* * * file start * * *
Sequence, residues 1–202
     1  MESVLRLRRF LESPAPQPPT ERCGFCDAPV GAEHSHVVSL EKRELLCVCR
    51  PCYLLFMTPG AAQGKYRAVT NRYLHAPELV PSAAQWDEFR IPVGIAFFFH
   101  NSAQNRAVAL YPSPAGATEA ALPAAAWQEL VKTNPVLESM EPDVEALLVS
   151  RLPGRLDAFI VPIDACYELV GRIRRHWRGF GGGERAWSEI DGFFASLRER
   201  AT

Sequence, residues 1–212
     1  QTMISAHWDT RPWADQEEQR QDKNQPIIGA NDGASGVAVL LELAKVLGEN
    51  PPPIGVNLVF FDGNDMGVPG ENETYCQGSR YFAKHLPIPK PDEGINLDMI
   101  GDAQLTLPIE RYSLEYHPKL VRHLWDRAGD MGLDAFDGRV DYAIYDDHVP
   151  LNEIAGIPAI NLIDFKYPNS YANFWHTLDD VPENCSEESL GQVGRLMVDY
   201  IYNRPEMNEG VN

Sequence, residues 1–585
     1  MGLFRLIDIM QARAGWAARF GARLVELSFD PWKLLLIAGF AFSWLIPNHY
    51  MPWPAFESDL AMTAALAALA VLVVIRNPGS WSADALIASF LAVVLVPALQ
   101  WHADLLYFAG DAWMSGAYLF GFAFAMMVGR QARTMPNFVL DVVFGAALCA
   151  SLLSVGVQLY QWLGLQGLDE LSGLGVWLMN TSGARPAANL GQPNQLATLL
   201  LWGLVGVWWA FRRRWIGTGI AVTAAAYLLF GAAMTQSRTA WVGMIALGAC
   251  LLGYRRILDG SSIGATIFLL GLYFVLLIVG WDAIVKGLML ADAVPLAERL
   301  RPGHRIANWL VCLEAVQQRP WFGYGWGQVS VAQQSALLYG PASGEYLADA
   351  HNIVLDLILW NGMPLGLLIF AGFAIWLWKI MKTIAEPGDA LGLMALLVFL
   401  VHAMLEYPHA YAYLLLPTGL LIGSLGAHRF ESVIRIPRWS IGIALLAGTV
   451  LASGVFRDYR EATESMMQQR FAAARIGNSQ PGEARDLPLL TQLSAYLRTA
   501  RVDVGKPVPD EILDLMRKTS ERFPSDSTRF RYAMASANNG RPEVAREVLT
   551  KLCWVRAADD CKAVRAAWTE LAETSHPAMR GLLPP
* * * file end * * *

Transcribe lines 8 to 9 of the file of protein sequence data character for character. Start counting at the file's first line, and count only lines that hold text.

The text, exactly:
     1  QTMISAHWDT RPWADQEEQR QDKNQPIIGA NDGASGVAVL LELAKVLGEN
    51  PPPIGVNLVF FDGNDMGVPG ENETYCQGSR YFAKHLPIPK PDEGINLDMI